Rana sphenocephala, Hyla chrysoscelis, methyl mercury, chlorpyrifos, atrazine, UV radiation, metamorphosis, amphibians, malformations
Multiple stressors have been proposed as causative agents for declining populations and increased incidence of malformations in amphibians although few studies have examined possible interactions among these stressors. We measured interactive effects of UV radiation, three chemicals, and interspecific competition (with Rana 1phenocephala) on multiple endpoints in Hyla chrysoscelis using a center point- and chemical-free control-enhanced 24 factorial design. UV radiation was transmitted or filtered using OP-4 or OP-3 acrylite filters installed above 72, 500-liter mesocosms on 16 May 1997. Methyl mercury, chlorpyrifos, and atrazine were applied at levels of 0, 10, 50, and 100 % of 400 ppb, 30 ppb, and 192 ppb, respectively, on 8 June. Hatching success and larval mortality were assessed 1, 2, 4, 8, 16, and 32 days after chemical application. After sampling on day 32, chemicals were reapplied to 24 mesocosms, initial water levels were restored in 24 additional mesocosms, and the remaining mesocosms were unmanipulated. On day 33, we placed 25 Hyla eggs in each mesocosm to perform a complete larval assessment of interacting stressors on growth, development, metamorphosis, and incidence of malformations. Interactions among stressors affected hatching success, developmental time, number of metamorphs, and incidence of malformation. Single effects of stressors were uncommon in that only larval mortality was unaffected by potential stressor interactions. If interactive effects of stressors are not evaluated in experiments examining population declines and malformations, results may be misinterpreted leading to ineffective conservation efforts.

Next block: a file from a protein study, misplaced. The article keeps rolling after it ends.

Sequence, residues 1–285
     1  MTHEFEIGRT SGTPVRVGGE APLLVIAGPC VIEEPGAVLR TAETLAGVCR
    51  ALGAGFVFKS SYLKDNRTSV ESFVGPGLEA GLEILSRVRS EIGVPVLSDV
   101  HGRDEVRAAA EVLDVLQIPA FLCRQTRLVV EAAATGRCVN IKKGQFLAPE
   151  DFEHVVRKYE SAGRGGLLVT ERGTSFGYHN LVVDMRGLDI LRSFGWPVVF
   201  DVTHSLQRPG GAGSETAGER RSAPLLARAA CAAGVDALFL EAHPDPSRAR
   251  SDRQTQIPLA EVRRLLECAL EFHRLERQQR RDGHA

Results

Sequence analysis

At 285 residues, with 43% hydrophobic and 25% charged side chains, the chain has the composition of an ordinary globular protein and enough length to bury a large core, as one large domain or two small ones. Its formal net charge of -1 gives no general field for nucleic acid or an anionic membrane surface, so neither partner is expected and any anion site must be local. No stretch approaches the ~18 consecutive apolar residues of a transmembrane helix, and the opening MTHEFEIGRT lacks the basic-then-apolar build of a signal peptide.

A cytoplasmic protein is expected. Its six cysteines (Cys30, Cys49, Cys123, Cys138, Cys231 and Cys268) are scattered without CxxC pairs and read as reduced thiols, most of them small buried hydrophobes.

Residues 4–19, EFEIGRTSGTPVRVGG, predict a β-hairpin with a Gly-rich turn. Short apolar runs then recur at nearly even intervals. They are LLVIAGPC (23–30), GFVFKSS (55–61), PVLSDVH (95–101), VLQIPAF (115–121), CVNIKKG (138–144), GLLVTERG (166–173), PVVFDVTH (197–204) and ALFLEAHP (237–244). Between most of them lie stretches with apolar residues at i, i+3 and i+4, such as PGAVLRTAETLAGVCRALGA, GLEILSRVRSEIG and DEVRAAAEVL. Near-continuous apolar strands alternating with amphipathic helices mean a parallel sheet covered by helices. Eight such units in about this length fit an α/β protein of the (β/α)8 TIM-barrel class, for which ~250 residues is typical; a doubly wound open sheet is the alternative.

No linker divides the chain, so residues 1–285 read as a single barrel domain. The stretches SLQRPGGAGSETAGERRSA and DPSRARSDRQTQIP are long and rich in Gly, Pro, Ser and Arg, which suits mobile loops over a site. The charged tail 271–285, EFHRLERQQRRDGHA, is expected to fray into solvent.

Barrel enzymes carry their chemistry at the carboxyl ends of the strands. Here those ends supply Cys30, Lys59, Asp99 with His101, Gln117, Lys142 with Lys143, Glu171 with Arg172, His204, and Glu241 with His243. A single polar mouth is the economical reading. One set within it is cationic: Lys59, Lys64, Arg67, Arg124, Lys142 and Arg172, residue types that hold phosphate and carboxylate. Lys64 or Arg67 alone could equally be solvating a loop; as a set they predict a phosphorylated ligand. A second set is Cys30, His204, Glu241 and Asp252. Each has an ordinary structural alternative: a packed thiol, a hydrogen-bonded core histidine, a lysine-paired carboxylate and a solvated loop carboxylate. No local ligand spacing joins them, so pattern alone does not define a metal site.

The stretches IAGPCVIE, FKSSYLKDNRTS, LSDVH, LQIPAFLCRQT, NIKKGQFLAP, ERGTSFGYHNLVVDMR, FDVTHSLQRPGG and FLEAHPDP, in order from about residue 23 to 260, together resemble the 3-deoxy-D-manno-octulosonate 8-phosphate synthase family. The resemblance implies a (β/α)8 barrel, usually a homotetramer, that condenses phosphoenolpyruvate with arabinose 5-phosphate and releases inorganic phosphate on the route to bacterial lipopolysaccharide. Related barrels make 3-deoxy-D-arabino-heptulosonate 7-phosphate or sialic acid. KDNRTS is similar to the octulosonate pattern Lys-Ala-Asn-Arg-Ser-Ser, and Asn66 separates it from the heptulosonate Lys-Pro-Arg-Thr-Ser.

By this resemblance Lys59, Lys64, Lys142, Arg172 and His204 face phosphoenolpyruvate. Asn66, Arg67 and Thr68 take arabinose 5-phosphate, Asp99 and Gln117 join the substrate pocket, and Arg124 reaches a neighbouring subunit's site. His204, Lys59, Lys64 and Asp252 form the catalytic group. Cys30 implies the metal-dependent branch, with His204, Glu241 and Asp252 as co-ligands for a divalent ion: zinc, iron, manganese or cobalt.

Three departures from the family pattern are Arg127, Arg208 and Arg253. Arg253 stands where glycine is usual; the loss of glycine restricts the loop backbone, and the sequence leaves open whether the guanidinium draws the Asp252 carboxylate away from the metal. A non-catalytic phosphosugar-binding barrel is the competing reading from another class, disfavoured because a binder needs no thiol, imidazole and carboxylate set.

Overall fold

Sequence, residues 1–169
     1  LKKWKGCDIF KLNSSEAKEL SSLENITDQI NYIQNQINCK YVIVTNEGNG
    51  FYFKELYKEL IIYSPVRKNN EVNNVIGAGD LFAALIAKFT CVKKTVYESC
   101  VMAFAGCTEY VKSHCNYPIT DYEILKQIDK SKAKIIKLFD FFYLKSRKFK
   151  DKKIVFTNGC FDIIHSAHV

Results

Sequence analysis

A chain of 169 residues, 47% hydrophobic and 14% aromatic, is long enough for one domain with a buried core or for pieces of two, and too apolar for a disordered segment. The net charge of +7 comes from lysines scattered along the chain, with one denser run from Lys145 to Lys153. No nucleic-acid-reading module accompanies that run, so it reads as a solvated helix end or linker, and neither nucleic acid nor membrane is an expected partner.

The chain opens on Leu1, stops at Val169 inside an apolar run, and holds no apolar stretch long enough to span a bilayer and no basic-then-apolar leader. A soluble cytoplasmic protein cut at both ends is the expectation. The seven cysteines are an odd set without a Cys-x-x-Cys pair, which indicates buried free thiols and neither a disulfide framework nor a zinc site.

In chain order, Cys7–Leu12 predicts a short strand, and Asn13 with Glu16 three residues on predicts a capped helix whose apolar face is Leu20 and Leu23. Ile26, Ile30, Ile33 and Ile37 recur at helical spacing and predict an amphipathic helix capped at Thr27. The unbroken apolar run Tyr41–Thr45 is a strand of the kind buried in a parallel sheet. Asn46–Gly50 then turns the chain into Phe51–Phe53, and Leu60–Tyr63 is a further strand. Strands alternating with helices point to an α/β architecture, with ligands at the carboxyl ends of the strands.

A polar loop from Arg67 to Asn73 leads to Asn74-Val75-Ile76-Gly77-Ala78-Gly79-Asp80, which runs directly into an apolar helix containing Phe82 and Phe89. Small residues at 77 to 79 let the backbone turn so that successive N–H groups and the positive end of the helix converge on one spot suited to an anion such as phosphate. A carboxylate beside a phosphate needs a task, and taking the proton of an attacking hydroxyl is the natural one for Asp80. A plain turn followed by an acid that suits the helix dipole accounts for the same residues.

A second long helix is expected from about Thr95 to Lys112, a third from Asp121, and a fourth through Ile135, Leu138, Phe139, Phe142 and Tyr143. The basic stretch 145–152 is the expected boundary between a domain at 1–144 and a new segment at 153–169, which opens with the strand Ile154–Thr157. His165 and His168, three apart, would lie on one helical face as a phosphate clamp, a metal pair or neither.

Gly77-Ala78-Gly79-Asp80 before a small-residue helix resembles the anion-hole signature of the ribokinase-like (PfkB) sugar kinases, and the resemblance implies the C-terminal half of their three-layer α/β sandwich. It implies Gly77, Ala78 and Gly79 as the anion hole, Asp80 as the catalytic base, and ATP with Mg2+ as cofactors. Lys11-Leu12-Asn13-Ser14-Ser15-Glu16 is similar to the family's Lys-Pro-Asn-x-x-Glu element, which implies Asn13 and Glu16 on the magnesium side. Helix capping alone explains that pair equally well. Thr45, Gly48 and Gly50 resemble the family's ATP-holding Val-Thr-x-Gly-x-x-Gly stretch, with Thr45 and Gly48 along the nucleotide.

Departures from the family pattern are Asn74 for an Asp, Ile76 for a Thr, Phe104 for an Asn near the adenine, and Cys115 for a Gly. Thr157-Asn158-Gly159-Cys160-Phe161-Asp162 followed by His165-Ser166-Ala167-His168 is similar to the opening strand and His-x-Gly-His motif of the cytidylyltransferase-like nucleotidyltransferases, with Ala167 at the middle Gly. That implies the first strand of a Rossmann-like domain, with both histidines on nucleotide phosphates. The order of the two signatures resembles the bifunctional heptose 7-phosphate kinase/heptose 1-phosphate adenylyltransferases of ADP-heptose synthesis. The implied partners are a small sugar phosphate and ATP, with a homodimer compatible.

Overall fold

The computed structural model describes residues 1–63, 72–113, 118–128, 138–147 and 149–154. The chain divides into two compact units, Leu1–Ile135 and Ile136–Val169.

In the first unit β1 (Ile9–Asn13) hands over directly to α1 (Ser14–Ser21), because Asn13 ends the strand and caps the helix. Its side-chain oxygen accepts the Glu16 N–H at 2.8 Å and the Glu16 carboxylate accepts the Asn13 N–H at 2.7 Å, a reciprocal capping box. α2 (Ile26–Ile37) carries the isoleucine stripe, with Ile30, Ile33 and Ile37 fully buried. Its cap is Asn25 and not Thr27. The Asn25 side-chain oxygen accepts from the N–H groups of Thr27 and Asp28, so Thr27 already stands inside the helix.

Journal of the Iowa Academy of Science
© Copyright 2000 by the Iowa Academy of Science, Inc.
Britson, Carol A. and Threlkeld, Stephen T.
"Interactive Effects of Anthropogenic, Environmental, and Biotic Stressors on Multiple Endpoints in Hyla chrysoscelis,"
The Journal of the Iowa Academy of Science: JIAS: Vol. 107:
, Article 5.
Available at: http://scholarworks.uni.edu/jias/vol107/iss3/5